TOO funny. I tweeted it and it is making the rounds! :)

  • Rhonda Barnes

    On so many levels this article is great! Your tongue-in-cheek humor spices up the straightforward truth.
    Thanks!

  • Jerry Lee

    I agree with your analysis of the professional resume writers. I find it hard to believe that anyone worth hiring would pay the $600 or more to reimage themselves. Of course, those who do are probably the ones that can least afford it. I feel it is ethically no better then the predatory lending practices of sub-prime lenders.

    It looks like the job boards think that it will be their saving grace to replace all the revenue they lost from employers who are not advertising. Take a look at the latest offering from Jobing.com: http://phoenix.jobing.com/career_services.asp

    You would think that a company that can afford to put their name on an Arena could think of a better way to replace their lost revenue then by charging the unemployed for a service that most corporate recruiters will tell you are a complete waste. In fact, they hired a professional writer; not a recruiter to write the resumes. Most corporate recruiters I know can spot a “professional resume” a mile away and immediately put it in the discard pile or click “reject” on their ATS.

    I guess the job boards like Jobing.com could concentrate on customer service and consultation instead if they had not fired many of their best employees. They did try to start a new division called Outplacing.com headed up by two people with no experience in the matter and then did nothing to help all of their riffed employees gain new employment.

  • Gabriel Bajak

    Matt,
    Great satirical analysis. Is there a plan for a script on a reality TV show about a recruting department or company? That would be PURE comedy. I want in!

  • http://hunts4u.com Todd Lempicke

    Jerry – right on! I had one candidate pay $2K for a resume rewrite and what he got out of it is a bunch of bullets that mostly started “Responsible for… yadda yadda”. Sure, it was pretty but it read like a job description.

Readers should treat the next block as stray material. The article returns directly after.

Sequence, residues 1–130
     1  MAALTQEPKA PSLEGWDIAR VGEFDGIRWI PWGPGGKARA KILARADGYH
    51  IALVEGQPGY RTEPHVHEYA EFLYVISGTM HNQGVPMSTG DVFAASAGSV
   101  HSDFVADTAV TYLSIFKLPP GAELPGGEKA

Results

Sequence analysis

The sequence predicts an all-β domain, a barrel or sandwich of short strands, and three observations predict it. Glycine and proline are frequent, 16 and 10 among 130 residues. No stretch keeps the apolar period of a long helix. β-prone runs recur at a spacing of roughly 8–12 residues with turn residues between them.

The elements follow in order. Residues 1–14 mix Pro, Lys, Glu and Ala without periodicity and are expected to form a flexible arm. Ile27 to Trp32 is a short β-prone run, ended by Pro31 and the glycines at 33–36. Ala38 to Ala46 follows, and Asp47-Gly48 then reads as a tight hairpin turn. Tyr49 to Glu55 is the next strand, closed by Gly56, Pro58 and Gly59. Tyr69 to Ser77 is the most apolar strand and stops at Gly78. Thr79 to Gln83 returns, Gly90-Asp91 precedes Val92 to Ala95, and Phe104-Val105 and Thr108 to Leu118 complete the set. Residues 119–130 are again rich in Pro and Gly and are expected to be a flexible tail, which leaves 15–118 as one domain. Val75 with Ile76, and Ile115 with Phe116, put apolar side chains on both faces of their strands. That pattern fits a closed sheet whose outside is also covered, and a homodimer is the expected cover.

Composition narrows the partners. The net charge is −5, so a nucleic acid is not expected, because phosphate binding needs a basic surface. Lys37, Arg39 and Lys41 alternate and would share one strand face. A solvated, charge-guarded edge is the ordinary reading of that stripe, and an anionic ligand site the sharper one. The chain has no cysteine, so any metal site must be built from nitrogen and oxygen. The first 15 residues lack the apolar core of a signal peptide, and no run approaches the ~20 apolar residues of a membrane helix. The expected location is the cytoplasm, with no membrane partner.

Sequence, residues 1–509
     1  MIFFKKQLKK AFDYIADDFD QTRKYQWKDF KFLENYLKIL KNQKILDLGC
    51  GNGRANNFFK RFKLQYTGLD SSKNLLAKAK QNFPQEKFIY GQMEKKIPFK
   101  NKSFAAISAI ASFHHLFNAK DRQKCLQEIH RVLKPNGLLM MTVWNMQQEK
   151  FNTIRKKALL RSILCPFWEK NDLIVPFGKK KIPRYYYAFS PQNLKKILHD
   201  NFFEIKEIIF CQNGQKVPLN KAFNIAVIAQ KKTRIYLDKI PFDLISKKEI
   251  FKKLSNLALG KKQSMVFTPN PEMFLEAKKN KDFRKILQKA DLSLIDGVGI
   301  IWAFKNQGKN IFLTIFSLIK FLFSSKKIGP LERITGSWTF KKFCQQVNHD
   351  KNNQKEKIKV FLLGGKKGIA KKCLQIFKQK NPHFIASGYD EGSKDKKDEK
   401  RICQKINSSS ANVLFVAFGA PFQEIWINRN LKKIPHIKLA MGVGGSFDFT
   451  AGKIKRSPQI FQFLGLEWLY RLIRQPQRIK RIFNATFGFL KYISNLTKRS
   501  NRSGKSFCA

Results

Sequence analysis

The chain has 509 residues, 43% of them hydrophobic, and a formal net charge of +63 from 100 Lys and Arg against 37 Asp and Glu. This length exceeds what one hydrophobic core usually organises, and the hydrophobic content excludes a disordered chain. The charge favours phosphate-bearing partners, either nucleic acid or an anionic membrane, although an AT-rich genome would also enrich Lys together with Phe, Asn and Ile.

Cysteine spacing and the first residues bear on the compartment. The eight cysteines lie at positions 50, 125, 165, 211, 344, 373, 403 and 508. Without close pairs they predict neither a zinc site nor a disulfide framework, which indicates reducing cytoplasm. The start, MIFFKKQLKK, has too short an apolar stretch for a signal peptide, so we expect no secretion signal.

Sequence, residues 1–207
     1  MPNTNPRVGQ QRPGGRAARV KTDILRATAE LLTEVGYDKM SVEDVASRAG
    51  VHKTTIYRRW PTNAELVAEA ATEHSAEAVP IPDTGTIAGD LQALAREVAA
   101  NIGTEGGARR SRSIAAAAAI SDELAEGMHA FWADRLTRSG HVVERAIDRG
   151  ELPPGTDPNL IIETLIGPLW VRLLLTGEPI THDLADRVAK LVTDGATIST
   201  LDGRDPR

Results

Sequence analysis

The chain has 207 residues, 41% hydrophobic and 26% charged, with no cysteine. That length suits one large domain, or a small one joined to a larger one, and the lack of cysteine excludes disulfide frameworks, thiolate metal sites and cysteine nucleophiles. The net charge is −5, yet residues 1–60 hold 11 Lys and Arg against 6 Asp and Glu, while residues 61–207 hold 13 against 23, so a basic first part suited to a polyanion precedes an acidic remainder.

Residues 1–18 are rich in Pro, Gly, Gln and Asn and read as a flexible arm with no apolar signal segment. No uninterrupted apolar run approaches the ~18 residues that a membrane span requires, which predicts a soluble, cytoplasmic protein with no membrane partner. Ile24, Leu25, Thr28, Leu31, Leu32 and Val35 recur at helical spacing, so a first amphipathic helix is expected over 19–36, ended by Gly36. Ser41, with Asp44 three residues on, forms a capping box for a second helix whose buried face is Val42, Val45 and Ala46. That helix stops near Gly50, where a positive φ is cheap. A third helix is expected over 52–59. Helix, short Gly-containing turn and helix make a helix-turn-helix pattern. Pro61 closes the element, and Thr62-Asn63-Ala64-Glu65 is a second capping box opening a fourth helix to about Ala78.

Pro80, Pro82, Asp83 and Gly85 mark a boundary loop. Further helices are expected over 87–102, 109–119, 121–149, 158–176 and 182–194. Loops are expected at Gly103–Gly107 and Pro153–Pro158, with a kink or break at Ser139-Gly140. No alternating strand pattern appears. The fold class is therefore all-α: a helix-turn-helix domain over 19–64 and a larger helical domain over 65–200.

Recruiters understand the employment process for the most part and are sensitive to what works and what does not work on a resume. Ask a recruiter about your resume and you will get an honest yet critical answer.

  • Chris Wellington

    Matthew,

    Great job, very FUNNY and oh so very true. I have either hired or placed hundreds of recruiters for clients, on RPO projects or internally for large staffing / recruitment shops. The major challenge always is finding the recruiter who is NOT brain-washed to this approach! The sad fact is this practice, as a result of technology, has bled into HR as people have left the true profession for more corporate roles and thus habits now exist with even hiring manager who have been infected by these individuals. Why do you think there are so many “recruiters” on the street now or unemployed, most were not professionals so the economic hiccup weeded them out.

    I will have to disagree on seeking professional help with your resume “8 Musts for an Effective Resume.” While the vast majority of services offer no real value besides a template a true resume writing professional will spend time with you to develop that first piece of introduction to HR, a recruiter or hiring manager. They should help you get noticed in that split second a recruiter is doing his / her analysis of your resume. As Napoleon Hill said “A resume should be prepared as carefully as a lawyer would prepare the brief of a case to be tried in courts…If your “case” is properly prepared and presented, your victory will have been more than half won at the onset.” Cover letter are for people still using a typewriter and if you don’t have a social networking profile that reflects your resume, well you might as well keep looking as it hard to find you.